Creativity

Postal Service Art Director Derry Noyes Turns Famous Artworks into Stamps

Image courtesy of the United States Postal Service.

Image courtesy of the United States Postal Service.

Last year, ’s final—and most monumental—work opened its doors to the public. Titled Austin after the Texas city it calls home, the 2,715-square-foot structure boasts 26-foot-high ceilings and houses several other works by the artist, who died in 2015.
This year, Kelly is being honored on a much, much smaller scale. The United States Postal Service (USPS) recently announced that it will commemorate the influential abstractionist with a set of postage stamps, slated to go on sale later in 2019.
Ellsworth Kelly, Blue Red Rocker, 1963. Collection of the Stedelijk Museum.

Ellsworth Kelly, Blue Red Rocker, 1963. Collection of the Stedelijk Museum.

These miniature masterpieces are the work of Derry Noyes, a longtime art director for the USPS. For nearly 40 years, she’s been creating minute tributes to some of the biggest names in American art and design: , , , and , to name a few. The new Kelly stamps, in particular, offer a rare window into the little-known process of creating postage stamps.
It all begins with the Citizen Stamp Advisory Committee (CSAC)—a 12-person panel composed of historians, educators, designers, and others who determine the subjects for each year’s crop of stamps. (Noyes actually served on the committee herself for several years, before transitioning to art direction in the early 1980s.) Their goal, she said, is “to pick a broad spectrum that reflects American history, pop culture, people, events—to try to get a good balance for each year.”
Usually, Noyes noted, abstract art is a hard sell for the CSAC. But Kelly’s work sailed through the approval process. “This art is so well-suited for stamps,” she explained. “It reduces down beautifully. The simplicity of the forms and the bright colors and the crispness of it all, it’s just made for stamp size.” This is not often the case, she added. “When you reduce art down, it can get very muddled, sort of fussy,” Noyes continued. “It doesn’t look well at a tiny size, whereas it looks great as a poster.”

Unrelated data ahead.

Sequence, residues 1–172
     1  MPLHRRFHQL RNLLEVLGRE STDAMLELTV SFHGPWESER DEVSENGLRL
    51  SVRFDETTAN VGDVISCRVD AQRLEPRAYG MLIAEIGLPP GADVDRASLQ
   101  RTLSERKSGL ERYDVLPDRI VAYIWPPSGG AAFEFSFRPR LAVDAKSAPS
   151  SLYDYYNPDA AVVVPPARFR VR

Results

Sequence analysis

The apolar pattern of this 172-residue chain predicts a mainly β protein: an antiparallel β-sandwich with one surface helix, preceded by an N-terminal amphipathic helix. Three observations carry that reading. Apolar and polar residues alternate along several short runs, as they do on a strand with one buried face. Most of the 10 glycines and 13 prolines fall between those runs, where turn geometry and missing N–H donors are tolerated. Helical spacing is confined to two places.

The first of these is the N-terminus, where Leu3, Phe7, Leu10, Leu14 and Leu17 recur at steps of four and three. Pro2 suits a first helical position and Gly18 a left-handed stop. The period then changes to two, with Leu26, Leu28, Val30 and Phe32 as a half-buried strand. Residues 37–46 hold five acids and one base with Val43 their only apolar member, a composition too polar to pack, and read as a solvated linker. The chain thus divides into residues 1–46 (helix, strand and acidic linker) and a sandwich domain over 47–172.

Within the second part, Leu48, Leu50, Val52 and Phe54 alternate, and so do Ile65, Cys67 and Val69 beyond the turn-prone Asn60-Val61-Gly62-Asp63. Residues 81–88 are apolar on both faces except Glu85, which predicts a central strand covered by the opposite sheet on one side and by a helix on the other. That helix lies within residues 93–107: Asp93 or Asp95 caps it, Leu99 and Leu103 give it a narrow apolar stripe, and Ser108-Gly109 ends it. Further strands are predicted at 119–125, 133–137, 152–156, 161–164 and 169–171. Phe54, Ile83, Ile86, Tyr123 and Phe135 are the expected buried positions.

Image via Flickr Creative Commons.

Image via Flickr Creative Commons.

Noyes has developed a sixth sense for identifying stamp-friendly artworks over the years. “Your eye gets better and better at figuring out what is going to work and what isn’t at this little one-inch scale,” she said.
Another aspect to consider when designing stamps, Noyes said, is how the individual stamps work together on a sheet. “There’s a dialogue between them,” she said. Take Kelly’s Blue Red Rocker, a 1963 sculpture in primary shades of blue and red. Catty-corner on the sheet of stamps is Red Blue (1964), a painting that echoes the sculpture’s colors and shapes. “One’s flat and one’s sculptural,” Noyes said, “but you can see that they’re related, so there’s that going on as you place these on a page.”
Another concern when arranging the Kelly stamps was that South Ferry (1956)—the only work in black and white—was too visually dominant. “Does that pop out too much?” Noyes wondered. “Or does it work well because there are others with similar shapes, maybe in different colors, that balance each other out?” In the end, she decided that placing it along the edge kept it from overwhelming the other works.